Canada’s long-awaited space strategy emphasizes AI, EO and deep-space robotics
VICTORIA, British Columbia – The Canadian government unveiled Wednesday its long awaited national space strategy, focusing on artificial intelligence, deep-space robotic systems, Earth-observation capabilities and searching for new ventures with the European Space Agency.
The Canadian government will also try to cut the regulatory red tape the space industry has complained has hindered projects from moving forward.
But the centerpiece of the 22-page strategy was the recently announced commitment to NASA’s lunar Gateway project with a financial contribution to cover a 24-year period and the development of a new generation robotic Canadarm. With that announcement Canada became the first nation to formally commit to the Gateway project.
Canada will spend 2 billion Canadian dollars ($1.4 billion) over 24 years on the Lunar Orbital Platform Gateway program, a human-tended facility in orbit around the moon, as well as other space programs. “Our commitment to the Gateway is the cornerstone of our space strategy,” Navdeep Bains, Minister of Innovation, Science and Economic Development, said in a televised address announcing the new strategy in Edmonton, Alberta.
“The bottom line is we’re taking the necessary steps to make Canada a successful spacefaring nation,” he added.
Canada will develop and contribute a smart robotic system – Canadarm3 – that will repair and maintain the Gateway. The space strategy noted the government has committed 125 million Canadian dollars to artificial intelligence innovation, which in turn will help the country remain a world leader in AI-enabled space robotics.
The strategy also highlighted funding of 150 million Canadian dollars over five years for a new Lunar Exploration Accelerator Program to help small and medium-sized businesses develop new technologies to be used and tested in lunar orbit and on the moon’s surface in fields that include artificial intelligence, robotics and health.
Future earth observation capabilities will be prioritized. Canada will launch the three spacecraft Radarsat Constellation Mission in late May. But the strategy noted that the Canadian Space Agency is planning for a new generation of Earth-observation satellites although it did not provide further details.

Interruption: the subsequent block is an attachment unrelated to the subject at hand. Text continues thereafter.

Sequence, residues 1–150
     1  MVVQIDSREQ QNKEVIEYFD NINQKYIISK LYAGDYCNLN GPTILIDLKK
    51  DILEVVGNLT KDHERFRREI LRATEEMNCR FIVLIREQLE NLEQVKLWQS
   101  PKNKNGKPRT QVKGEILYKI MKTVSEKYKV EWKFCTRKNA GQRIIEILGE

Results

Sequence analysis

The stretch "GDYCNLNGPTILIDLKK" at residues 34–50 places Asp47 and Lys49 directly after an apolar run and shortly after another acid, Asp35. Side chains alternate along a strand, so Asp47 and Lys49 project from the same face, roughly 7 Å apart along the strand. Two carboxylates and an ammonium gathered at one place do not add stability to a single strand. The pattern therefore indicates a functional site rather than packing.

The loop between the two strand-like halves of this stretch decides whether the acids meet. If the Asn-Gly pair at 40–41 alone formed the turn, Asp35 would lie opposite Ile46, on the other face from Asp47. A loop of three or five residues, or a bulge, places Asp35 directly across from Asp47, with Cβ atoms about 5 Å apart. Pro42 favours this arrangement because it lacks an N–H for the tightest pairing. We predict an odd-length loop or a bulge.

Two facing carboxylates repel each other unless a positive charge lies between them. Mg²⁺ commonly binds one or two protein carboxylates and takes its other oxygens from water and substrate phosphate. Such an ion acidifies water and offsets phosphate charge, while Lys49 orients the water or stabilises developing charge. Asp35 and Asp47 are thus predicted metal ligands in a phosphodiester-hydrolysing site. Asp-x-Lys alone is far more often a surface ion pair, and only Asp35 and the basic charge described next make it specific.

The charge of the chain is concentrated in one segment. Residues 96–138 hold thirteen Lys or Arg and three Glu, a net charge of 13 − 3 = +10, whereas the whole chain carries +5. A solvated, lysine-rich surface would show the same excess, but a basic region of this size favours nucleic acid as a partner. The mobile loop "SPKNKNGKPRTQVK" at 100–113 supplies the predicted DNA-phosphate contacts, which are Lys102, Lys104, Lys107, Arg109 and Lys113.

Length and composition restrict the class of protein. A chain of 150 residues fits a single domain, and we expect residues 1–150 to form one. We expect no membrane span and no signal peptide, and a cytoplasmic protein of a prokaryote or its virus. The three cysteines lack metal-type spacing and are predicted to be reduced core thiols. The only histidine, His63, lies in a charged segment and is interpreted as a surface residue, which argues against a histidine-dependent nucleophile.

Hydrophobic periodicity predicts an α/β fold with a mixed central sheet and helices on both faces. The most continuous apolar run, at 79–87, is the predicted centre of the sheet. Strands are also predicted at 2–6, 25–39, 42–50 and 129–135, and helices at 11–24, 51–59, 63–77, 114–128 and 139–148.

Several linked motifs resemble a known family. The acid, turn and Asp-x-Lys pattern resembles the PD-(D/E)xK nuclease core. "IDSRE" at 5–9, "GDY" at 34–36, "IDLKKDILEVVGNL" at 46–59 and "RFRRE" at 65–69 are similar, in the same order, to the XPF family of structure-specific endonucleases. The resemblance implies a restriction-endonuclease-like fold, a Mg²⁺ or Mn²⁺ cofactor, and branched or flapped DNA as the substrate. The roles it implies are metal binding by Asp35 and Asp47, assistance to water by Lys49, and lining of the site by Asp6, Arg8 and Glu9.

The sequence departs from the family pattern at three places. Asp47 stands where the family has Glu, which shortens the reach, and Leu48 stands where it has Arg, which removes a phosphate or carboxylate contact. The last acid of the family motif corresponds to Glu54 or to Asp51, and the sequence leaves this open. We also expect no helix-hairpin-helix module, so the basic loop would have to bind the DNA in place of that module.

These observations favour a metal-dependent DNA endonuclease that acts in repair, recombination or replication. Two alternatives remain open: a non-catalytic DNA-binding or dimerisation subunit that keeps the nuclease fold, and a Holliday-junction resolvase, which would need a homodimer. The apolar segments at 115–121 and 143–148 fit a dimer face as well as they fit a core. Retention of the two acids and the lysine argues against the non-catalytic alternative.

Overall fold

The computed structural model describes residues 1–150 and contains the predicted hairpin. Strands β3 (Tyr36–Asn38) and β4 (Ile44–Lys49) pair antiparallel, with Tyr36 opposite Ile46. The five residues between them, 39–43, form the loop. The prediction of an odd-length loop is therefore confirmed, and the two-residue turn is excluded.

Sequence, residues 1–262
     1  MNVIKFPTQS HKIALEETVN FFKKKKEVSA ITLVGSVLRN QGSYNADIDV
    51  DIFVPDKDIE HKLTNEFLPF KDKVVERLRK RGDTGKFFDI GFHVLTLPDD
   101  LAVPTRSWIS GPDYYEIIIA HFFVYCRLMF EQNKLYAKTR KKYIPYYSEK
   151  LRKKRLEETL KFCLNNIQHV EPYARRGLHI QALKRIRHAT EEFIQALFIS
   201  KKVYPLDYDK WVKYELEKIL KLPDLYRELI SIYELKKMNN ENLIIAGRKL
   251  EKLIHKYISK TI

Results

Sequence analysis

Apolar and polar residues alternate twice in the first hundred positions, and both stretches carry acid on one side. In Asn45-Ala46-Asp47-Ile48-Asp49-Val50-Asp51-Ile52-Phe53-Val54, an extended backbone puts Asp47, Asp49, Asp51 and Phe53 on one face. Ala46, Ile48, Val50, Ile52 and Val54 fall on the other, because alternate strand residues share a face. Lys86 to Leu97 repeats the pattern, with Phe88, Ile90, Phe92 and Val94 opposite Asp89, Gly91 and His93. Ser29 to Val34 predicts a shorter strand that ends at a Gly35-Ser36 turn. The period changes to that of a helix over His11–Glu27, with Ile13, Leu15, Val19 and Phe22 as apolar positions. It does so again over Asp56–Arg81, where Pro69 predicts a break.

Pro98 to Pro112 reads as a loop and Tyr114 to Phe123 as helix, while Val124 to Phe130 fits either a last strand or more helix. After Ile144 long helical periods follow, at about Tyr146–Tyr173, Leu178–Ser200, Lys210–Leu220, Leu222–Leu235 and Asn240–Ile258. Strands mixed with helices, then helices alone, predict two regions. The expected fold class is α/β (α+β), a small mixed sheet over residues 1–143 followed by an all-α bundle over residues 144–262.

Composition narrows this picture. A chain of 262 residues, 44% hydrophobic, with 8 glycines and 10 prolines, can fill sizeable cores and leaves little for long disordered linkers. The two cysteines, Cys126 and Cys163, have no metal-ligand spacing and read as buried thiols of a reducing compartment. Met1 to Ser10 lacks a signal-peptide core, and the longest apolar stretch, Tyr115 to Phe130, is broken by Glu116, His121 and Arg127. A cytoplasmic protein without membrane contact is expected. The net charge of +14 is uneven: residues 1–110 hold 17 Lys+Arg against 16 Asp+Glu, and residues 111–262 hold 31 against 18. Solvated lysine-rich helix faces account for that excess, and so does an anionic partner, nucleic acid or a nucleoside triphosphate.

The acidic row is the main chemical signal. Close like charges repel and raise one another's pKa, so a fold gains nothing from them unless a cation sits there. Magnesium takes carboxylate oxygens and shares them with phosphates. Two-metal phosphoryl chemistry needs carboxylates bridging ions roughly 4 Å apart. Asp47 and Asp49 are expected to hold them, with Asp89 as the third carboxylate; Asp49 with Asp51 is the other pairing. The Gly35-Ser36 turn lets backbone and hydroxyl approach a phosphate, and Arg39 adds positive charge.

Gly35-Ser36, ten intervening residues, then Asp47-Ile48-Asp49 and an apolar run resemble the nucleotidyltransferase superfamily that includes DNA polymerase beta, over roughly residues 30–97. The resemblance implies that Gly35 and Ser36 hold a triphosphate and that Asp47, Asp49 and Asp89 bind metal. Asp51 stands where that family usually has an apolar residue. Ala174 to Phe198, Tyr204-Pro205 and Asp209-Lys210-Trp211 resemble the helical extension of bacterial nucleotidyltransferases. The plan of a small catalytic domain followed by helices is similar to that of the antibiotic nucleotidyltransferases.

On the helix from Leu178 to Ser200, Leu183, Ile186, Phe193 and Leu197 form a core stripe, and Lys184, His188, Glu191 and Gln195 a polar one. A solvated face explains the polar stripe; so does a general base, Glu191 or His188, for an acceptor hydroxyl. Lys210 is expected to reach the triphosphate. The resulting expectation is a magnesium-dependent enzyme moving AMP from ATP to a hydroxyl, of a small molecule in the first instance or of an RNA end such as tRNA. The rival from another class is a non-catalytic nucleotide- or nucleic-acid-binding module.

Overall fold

The strategy also repeated the 2018 commitment to provide $100 million in funding over five years to invest in projects that relate to the development of low Earth orbit satellites that support broadband connectivity.
The Canadian government will also review the country’s regulatory framework for space-related activities to make sure the rules are designed to provide timely responses for industry, maintain strategic oversight for national security and enable commercial growth, the strategy pointed out.
The case of the Norway-based Kongsberg Satellite Services and its attempts to obtain an operating license for a satellite ground receiving station in the northern community of Inuvik, Northwest Territories, is seen as an example of the burdensome bureaucracy hindering the space industry. The company has been waiting since 2016 for the federal government to grant it a license. The firm has warned it could lose contracts because of the delay.
As part of diversifying trade, Canada also wants to expand its relationship with the European Space Agency to support the ability of Canadian firms and researchers to benefit from that agency’s missions. This would involve renewing the cooperation agreement between Canada and ESA until 2030.
In addition, Canada will continue to seek similar benefits through its ongoing collaborations with NASA, the strategy added.
Jim Quick, president of the Aerospace Industries Association of Canada, said he was pleased with the government’s announcement but pointed out some elements of the strategy had already been announced and others included in the document require more details about funding and timelines. “The timely release of a fully costed and funded plan is a necessary next step,” Quick said.